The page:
On the fourth day of treatment, Mapendo and Vumilia continue to improve, eating banana stems, and ficus leaves, January 8, 2008.
The new Grauer’s gorilla orphans in DR Congo are showing signs of improvement. Eddy and Andre have done a terrific job, thanks also to the help of ICCN staff who work at the ranger station (Virungas National Park) in Mutsora, and lots of phone calls and emails with ideas and support from the rest of MGVP staff. The following series of photos shows how much progress they have made. These are possible thanks to Emmanuel Merode at Wildlife Direct who has helped with all sorts of things, including internet access at Mutsora. The phone service is very poor where the orphans are (and not very good in Rwanda right now), so email has been critical—especially for pictures.
When Andre and Eddy arrived at the ranger station in Mutsora, they found the gorillas separated and in small cages—fashioned by theircaptors. Their first move was to release the orphans. They are now together all of the time, which will help reduce their stress levels. In some ways, it is a good thing that there are two of them. They have each other.
Mapendo, left, and Vumilia, right, on January 6, 2008
Gorillas are highly social. We know from experience with orphans that their behavioral/psychological health is just as important, if not more important, than their physical health. While we can stabilize them medically, we cannot treat the stress specifically. Both Mapendo and Vumilia also responded positively to space, fresh air and sunlight.
Mapendo, orphaned Grauer’s gorilla, January 7, 2008
The smaller orphan, a female named Mapendo, is between 2- and 3-years old. Fortunately, she has not come down with diarrhea and seems calm around people. She needs milk, however, and has not yet adjusted to regular bottle feedings. Andre is patiently working with her. Given his experience, if anyone can establish a routine with her, it’s Andre. She is eating some of the vegetation offered, and likes bananas.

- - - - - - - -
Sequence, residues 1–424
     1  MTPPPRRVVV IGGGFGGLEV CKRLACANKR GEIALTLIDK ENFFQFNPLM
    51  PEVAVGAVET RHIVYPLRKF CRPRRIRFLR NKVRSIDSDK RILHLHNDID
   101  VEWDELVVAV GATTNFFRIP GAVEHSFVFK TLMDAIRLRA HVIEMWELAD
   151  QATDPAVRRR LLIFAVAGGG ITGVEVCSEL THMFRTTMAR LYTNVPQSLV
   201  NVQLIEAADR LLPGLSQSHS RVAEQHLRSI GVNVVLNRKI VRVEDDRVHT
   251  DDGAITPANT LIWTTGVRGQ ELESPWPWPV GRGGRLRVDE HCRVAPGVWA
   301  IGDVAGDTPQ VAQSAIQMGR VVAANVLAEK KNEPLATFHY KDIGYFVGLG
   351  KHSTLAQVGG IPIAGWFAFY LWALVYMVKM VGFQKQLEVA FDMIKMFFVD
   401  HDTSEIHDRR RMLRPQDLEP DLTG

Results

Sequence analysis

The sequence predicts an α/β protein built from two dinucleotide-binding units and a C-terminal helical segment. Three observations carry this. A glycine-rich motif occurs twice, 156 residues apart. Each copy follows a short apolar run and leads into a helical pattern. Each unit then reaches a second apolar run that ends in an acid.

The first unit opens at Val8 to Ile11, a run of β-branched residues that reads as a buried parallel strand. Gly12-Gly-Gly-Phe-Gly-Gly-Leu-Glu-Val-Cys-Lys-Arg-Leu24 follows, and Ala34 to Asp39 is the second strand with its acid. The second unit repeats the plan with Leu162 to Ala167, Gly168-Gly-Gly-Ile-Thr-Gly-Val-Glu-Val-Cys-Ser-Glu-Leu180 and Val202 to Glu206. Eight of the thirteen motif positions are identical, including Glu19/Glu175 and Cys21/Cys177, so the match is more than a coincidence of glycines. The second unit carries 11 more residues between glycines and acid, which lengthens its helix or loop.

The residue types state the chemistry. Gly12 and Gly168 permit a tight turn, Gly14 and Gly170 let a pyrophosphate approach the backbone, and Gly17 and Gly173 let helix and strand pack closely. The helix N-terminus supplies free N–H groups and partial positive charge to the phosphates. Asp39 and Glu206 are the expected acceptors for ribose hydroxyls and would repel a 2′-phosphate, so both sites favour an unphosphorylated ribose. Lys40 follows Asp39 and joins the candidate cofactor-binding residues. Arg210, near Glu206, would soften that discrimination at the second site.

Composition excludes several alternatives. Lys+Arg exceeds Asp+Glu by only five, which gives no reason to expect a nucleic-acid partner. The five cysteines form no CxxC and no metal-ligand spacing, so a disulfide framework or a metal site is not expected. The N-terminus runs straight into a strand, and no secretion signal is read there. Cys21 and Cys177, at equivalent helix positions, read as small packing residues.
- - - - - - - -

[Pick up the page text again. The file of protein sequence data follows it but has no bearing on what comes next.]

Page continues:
The larger gorilla, an approximately 4-year-old male named Vumilia, is recovering from severe enteritis (watery stool). He is weak, but strong enough to put up a bit of a fight with the doctor. Eddy and Andre have worked out a way to restrain him quickly for treatments—subcutaneous fluids and antibiotics. Now the challenge is to get Vumilia to take his medicine orally, and drink enough fluids/eat enough vegetation so he no longer needs fluid therapy.
Finding the appropriate “natural forest food” for confiscated gorillas is another challenge. Thanks to the efforts of everyone at Mutsora station, the orphans are now receiving some fresh vegetation—banana stems and ficus—enough to get their appetites going. We need a better, long-term solution. This is one reason why plans for a sanctuary for orphaned gorillas call for it to be located near their natural habitat so forest food can be collected easily.
Because the orphans were so weak and dehydrated, particularly Vumilia, Eddy, and Andre at first wanted to move them straight away to Goma so they would be closer to more medical supplies. But after we discussed the situation among MGVP vets, DFGFI, and ICCN, we agreed that the orphans were too sick for a car ride. I also felt certain that more time in one place would be best, as it would give them a chance to adjust to each other, bond with Andre, and establish a drinking/eating routine. MGVP’s second Congo field vet, Dr. Jacques Iyanya, traveled to Mutsora yesterday to help with orphan care, and bring more supplies. Given that both gorillas are eating and tolerating their treatments, it’s time to discuss next steps. For now, they will stay in Mutsora and—we hope—continue to gain strength.